I sit down in the living room facing the eastern window. I have a perfect view of the driveway, and it’s an equally as perfect view of the endless flux of surveillance cars which make no attempt to hide the fact that they are watching me. Straight. Up. Staring. At. Me.
As I’m sitting very still, unaware of how long I’ve been doing so, I realize that my sister is and has been on the edge of consciousness, if not her very existence. There’s a voice inside of my head saying, They’ve gotten to her already. It’s too late. Get out. Now.
I slowly and quietly make my way upstairs to my bedroom. There are no curtains on any window in the house, and because it’s so dark outside, to turn on any lights would be suicide for secrecy. I change into a t-shirt, short shorts and cowboy boots and grab my purse. I notice a square hole in the ceiling. Taking a chance, hoping to expedite the process of casual-esque escape, I drop through and find myself back in the living room.
I resume my position facing the eastern window. My sister is no longer in the room. Outside is an 80s era, orange-woody station wagon. Sitting at the wheel is an older man with a grizzled beard, Willie Nelson hair, and a bandanna wrapped around his forehead. He’s smoking cigarettes and staring right at me. I notice a person in the passenger seat and to me it looks like a 12 year old girl. She appears to be staring at me with an equally as distrustful and deadpan expression.
I take a deep breath and decide to take a chance. This is the first non-military and/or police vehicle monitoring me, so I walk outside to talk to him. He’s now alone in the car, but I wait to say anything about it. He’s staring at me like he knows something, but his tone is friendly and calm enough I give him the benefit of the doubt. “Can you get me out of here?”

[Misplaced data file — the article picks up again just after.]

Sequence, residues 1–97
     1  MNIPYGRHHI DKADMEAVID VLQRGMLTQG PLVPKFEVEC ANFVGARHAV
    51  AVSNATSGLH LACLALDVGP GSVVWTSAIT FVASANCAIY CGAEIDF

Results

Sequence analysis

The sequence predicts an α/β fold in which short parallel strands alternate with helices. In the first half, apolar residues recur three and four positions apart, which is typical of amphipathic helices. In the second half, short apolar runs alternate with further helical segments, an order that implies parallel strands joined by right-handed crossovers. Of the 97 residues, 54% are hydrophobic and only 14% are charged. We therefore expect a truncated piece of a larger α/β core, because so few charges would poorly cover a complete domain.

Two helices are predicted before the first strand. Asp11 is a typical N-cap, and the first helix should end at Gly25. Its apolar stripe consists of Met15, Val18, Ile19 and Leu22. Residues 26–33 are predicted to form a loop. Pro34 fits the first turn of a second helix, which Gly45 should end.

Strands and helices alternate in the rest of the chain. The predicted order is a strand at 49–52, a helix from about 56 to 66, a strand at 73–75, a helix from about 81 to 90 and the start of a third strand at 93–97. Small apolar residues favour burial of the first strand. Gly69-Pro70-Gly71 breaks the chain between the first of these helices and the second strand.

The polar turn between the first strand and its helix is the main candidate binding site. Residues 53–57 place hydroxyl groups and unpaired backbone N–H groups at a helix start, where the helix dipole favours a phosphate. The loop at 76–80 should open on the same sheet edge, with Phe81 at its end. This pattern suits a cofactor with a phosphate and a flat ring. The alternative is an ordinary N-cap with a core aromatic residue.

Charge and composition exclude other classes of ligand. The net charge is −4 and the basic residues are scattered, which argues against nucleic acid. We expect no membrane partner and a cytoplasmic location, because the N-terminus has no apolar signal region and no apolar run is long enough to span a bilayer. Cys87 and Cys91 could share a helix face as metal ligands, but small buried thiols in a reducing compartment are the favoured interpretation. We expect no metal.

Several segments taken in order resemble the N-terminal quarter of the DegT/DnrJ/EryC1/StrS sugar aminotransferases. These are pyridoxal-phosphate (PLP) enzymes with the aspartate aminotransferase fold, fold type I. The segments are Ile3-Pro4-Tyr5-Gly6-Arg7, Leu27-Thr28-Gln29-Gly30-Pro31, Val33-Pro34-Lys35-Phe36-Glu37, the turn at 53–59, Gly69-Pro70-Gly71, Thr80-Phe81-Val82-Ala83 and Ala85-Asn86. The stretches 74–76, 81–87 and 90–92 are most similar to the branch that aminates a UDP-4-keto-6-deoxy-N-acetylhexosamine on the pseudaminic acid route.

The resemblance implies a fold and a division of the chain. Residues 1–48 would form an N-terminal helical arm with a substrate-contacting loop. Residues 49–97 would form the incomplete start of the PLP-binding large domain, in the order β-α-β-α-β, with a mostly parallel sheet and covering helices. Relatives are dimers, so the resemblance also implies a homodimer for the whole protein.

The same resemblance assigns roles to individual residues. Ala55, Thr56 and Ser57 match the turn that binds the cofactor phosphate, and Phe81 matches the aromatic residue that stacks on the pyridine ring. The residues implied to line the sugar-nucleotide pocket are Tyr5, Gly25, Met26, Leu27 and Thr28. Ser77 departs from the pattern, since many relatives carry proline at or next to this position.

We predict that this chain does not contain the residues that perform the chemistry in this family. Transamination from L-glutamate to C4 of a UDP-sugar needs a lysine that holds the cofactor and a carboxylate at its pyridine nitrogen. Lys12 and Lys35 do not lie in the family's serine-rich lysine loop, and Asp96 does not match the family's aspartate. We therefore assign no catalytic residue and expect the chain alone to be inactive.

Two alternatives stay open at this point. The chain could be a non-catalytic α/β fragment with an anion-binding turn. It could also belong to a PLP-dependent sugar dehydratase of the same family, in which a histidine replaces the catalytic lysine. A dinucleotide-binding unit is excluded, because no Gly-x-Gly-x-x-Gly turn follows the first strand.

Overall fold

Still smoking his cigarette, which appears to be of the old and rolled variety, he exhales, expertly flicks the cigarette with his thumb to ash it, then slowly directs his eyes to peer into mine. “I’m sure you know the risks. Hop on in.”
We’re driving down the road and deep into the countryside. I don’t know how long we’ve been driving but daylight never comes. Time appears to be caught between dusk and dawn, as if the sun forgot this side of the planet and decided it had better things to do on the other side.
I’m smoking, too, which I never do, and I break the silence with the question that had been nagging me, “Where’d she go?”
Without looking away from the road or changing facial expression to impress upon me that he was even listening, he said, “There never was anybody.”
I say, “I saw someone in the driveway. It was a girl.”
“That was no girl.”
“So it was a guy. Who was it?”
Still as appropriately deadpan as ever, he responds, “A man you’ve laid with. You shared sheets without matrimony. In a basement, I believe.”
Finally with a surprising change in facial expression, his face creases into a bit of a skeptical smile and he says, “Yeah! That’s the one. John.”
I feel so tiny, confused and vulnerable sitting next to this aged monument of scathing skepticism, unspoken wisdom, and mysterious intentions.
I can’t figure out what all these ex-boyfriends have to do with the destruction of my so-called normal life, but all I know is that everything is fucked and the only person I can trust is this Willie Nelson lookalike.
In my head, the question repeats, What is so special about me, that everyone feels the need to destroy it?